Human Remains and Violence: An Interdisciplinary Journal
Queralt Solé

Since the beginning of the twenty-first century, Spain has experienced a cycle of exhumations of the mass graves of the Spanish Civil War (1936–39) and has rediscovered that the largest mass grave of the state is the monument that glorifies the Franco regime: the Valley of the Fallen. Building work in the Sierra de Guadarrama, near Madrid, was begun in 1940 and was not completed until 1958. This article analyses for the first time the regimes wish, from the start of the works, for the construction of the Valley of the Fallen to outdo the monument of El Escorial. At the same time the regime sought to create a new location to sanctify the dictatorship through the vast transfer to its crypts of the remains of the dead of the opposing sides of the war.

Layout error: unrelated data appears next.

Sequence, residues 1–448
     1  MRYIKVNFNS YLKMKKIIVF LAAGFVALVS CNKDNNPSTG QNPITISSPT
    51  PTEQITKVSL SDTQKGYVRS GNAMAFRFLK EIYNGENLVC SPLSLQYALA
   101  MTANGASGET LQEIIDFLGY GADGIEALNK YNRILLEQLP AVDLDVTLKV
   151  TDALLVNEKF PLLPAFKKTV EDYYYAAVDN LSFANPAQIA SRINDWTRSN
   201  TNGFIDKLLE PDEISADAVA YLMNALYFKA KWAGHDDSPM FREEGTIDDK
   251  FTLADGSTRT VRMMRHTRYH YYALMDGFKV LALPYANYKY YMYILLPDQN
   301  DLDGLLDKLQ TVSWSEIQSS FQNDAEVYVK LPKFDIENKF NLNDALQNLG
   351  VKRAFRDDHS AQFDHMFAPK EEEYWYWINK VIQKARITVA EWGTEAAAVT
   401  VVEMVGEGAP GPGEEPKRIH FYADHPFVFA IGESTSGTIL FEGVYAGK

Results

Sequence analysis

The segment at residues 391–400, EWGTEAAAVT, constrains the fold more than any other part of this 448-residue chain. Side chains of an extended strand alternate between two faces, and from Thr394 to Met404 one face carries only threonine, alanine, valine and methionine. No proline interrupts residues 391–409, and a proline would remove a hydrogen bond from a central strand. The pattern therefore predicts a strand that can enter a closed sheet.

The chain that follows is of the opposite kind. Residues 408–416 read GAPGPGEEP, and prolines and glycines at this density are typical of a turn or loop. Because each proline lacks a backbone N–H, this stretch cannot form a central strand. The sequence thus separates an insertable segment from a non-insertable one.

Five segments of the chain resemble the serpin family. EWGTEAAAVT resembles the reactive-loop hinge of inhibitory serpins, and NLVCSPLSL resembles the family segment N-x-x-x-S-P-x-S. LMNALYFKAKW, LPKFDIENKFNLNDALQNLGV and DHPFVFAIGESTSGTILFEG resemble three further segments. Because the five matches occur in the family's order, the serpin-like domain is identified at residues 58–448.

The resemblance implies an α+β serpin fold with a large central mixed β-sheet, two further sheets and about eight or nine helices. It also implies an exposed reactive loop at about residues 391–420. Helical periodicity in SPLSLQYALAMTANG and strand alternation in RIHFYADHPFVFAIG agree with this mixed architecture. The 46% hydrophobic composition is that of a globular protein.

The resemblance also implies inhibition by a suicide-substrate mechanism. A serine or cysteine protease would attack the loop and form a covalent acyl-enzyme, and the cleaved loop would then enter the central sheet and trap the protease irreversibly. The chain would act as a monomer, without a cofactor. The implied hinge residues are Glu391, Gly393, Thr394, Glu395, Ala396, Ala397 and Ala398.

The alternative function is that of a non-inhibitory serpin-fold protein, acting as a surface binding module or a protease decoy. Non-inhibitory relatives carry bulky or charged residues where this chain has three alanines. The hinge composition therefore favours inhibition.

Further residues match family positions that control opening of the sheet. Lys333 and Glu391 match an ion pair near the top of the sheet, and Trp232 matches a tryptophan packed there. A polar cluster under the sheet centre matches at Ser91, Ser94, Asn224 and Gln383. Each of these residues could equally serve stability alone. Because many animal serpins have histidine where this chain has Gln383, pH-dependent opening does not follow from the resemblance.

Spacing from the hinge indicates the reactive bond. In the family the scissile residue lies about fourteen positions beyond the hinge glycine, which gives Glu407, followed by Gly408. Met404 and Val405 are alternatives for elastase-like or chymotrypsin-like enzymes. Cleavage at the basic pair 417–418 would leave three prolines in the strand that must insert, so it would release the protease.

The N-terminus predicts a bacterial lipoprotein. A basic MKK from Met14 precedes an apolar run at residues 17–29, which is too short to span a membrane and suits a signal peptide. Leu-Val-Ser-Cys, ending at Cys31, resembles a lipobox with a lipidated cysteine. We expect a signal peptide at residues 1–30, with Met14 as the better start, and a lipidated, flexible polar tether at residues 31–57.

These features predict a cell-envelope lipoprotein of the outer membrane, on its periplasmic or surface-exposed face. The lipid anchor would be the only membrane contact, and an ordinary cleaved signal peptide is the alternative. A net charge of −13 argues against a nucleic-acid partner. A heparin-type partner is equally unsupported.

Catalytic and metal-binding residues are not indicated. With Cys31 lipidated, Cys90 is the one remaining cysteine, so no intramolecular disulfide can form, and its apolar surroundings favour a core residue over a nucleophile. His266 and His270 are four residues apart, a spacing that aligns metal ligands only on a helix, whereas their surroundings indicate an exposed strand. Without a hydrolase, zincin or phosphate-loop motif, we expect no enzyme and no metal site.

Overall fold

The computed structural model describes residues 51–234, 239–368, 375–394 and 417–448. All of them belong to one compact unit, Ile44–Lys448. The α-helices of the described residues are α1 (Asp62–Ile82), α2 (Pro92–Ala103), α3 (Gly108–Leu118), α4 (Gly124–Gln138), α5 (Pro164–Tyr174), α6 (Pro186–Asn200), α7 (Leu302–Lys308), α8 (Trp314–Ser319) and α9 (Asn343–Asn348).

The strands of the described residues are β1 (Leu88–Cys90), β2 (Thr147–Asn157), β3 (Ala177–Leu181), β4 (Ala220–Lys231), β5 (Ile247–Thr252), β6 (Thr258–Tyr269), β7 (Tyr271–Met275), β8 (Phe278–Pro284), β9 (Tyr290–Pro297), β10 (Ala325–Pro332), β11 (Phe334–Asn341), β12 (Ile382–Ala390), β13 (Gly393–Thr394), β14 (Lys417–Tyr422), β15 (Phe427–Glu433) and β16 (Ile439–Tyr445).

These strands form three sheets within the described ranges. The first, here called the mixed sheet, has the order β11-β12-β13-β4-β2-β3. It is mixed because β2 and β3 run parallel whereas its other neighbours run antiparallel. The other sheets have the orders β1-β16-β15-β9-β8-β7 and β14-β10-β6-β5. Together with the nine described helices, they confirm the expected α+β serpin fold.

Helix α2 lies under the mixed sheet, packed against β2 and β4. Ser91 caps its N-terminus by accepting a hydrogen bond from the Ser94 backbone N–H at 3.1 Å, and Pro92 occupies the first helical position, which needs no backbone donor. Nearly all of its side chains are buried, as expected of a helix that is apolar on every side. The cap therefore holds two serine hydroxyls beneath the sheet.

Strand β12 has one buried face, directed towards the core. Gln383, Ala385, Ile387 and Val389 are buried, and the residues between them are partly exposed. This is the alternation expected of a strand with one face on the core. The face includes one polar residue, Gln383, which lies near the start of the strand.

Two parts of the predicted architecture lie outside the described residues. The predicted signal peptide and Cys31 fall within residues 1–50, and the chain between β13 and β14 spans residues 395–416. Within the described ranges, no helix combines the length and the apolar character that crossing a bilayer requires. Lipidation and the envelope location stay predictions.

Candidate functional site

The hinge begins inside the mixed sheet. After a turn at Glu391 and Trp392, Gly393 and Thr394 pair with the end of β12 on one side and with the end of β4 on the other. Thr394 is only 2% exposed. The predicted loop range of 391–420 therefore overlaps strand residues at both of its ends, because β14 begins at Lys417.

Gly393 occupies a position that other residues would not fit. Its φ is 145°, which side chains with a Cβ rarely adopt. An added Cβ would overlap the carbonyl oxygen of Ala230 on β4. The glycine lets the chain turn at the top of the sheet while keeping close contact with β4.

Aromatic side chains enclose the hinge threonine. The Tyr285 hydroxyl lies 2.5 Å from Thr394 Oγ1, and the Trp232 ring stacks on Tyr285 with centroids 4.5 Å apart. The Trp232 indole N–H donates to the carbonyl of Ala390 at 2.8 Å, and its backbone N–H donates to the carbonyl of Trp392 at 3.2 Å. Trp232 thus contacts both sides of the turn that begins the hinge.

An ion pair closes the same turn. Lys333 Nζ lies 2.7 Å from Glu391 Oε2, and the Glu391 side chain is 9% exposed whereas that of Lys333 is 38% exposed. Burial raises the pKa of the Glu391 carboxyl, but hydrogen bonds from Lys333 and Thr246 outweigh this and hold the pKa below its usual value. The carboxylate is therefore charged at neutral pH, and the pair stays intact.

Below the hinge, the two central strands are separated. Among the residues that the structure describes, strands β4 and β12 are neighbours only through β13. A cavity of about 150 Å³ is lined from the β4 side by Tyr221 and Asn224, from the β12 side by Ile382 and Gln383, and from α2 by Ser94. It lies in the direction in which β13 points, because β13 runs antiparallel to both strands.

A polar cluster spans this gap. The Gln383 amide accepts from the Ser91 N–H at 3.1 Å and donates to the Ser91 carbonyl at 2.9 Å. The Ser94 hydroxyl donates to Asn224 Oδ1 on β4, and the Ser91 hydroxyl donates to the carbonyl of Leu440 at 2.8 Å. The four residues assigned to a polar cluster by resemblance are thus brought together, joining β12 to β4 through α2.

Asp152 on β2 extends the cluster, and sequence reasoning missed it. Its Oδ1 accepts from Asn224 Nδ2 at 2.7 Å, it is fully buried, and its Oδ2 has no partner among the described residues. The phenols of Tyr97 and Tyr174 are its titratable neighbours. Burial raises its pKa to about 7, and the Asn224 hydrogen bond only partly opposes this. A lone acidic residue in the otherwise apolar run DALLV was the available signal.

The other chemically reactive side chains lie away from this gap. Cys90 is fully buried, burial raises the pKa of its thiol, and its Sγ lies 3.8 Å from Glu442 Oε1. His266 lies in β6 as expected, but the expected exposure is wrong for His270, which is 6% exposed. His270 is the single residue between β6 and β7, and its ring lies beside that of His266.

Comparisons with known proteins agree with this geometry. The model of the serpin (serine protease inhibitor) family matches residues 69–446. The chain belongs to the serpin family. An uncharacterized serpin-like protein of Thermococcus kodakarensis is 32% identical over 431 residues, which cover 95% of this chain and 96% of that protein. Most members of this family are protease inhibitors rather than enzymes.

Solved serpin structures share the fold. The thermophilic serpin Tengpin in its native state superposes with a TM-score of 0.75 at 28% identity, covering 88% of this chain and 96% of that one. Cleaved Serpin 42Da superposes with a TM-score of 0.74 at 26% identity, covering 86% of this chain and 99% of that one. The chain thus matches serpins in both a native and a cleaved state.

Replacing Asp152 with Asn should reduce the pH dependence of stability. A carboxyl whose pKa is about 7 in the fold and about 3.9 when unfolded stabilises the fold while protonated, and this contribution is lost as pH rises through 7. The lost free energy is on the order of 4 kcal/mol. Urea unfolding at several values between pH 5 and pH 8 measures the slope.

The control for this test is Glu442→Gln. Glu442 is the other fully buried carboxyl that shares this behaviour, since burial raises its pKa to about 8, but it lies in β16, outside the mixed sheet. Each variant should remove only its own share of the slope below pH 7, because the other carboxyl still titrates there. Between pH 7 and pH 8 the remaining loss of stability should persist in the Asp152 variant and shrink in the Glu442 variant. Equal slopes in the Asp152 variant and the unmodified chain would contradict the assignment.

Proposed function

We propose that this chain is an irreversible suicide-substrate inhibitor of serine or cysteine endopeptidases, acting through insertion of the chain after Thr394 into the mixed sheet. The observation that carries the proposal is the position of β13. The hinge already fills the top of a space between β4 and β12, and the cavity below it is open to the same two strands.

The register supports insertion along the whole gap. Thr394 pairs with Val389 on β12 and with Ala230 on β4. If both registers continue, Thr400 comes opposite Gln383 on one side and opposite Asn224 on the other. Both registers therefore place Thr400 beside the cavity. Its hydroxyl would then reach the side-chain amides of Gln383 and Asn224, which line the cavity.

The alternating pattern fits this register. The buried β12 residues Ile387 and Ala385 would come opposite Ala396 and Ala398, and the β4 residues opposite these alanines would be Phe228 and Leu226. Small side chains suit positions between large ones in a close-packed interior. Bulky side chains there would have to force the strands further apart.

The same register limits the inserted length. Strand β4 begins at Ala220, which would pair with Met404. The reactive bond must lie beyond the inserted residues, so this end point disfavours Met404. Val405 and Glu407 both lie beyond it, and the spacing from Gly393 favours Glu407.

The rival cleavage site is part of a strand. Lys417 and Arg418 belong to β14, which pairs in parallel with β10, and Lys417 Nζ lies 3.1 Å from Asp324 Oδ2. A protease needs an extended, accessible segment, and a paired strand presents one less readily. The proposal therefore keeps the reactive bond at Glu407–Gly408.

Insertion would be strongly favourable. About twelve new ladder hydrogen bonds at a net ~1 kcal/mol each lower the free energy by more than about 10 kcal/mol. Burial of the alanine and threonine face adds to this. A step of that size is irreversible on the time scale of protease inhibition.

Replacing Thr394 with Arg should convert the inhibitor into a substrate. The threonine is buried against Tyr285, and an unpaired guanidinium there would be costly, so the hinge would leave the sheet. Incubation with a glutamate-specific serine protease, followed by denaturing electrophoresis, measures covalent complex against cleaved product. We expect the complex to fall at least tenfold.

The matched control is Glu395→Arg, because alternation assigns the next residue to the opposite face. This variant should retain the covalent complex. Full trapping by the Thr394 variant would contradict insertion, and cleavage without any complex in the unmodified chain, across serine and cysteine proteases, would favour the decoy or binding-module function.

Human Remains and Violence: An Interdisciplinary Journal
Religious nationalism, mystical anarchism, and the Spanish Civil War in Sylvia Townsend Warner’s After the Death of Don Juan
Casey Andrews

directly from her experiences in Spain and, as I argue here, out of deep admiration for anarchism as a secular political theology that rivals the fusion of Catholicism, nationalism, and fascism that inflamed the Spanish Civil War. Her investigation of Catholic Christianity as a social force (rather than a private, devotional, or ‘spiritual’ faith) emerges through the experimental

in Mid-century women's writing
The Spanish Civil War in cinema
Author: